Blessed is the one who perseveres under trial, because when he has stood the test, he will receive the crown of life that God has promised to those who love him. James 1:12, NIV
I was alone one day, peacefully walking Lily, our dog, around the neighbourhood and musing about faith and answers to prayer. Subconsciously, I was aware of intense barking coming from behind a very high gate – not an uncommon sound – but at the precise moment that I asked God a soul-searching question, a dog’s head appeared at the top of the two-metre gatepost and in a trice it jumped over and belligerently flew at Lily.
Startled, I held up my hand and scolded firmly, “Go home!” as old Lily simultaneously turned and faced her aggressor. The dog turned tail and ran away, leaving us unscathed and rejoicing. I was filled with admiration at Lily’s courage and was so grateful that it hadn’t become something really nasty. I believe that God delivered us that day and helped me to respond without panicking – although my heart was racing – and gave me my answer, and insight into the nature of a trial.
Trials, tests and temptations are challenges of varying intensity which we encounter daily, causing us stress as we work through them – like exams – which call for faith, self-discipline and sacrifice to overcome them. But though trials come in many different guises, some brief, others ongoing, each one is life-changing.
James is so positive about this that he begins his letter with, “Consider it pure joy, my brothers and sisters, whenever you face trials of many kinds”. (James1:2) He knows that trials make faith robust and develop perseverance, an essential ingredient in becoming mature and being spiritually complete. The Bible is full of examples of men and women like Job and Ruth who have endured extreme suffering and have been richly blessed; but also consider what Jesus endured, in love, for our freedom.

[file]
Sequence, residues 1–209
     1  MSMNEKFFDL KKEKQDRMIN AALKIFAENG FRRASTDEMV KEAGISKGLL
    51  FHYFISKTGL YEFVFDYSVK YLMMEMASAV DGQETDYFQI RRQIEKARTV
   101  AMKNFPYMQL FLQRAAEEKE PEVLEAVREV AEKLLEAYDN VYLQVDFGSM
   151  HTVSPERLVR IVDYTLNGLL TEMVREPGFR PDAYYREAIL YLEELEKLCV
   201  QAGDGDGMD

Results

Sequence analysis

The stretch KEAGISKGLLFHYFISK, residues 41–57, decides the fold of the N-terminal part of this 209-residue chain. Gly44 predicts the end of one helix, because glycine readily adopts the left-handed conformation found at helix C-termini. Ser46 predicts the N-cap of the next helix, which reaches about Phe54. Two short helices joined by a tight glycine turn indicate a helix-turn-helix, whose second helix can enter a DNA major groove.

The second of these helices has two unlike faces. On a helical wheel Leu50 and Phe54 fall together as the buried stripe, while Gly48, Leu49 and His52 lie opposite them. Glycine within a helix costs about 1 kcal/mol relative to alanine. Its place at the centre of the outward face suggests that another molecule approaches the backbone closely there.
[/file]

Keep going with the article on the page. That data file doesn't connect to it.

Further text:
In our verse today James identifies trials as the means through which God tests the believer’s love for him through perseverance in faith. He sees this as an opportunity for blessing because faith needs substance, which action produces – no-one is passive through a trial. He encourages them to look ahead to the very great reward – “the crown of life” – for which Jesus died, that is, “promised to those who love him”, which lies waiting for those who overcome.
No-one likes trials, but with hindsight we so often see how God has graciously provided for us throughout, and recognise that we’ve grown closer to hm in the process, gaining a more mature faith.
“And the God of all grace, who called you to his eternal glory in Christ, after you have suffered a little while, will himself restore you and make you strong, firm and steadfast. To him be the power for ever and ever. Amen.” (1 Peter 5:10-11)
Prayer: Loving Father, give me wisdom to keep in step with you as I embrace the trials you give me, knowing that, “our light and momentary troubles are achieving for us an eternal glory that far outweighs them all”. (2 Corinthians 4:17 NIV) Amen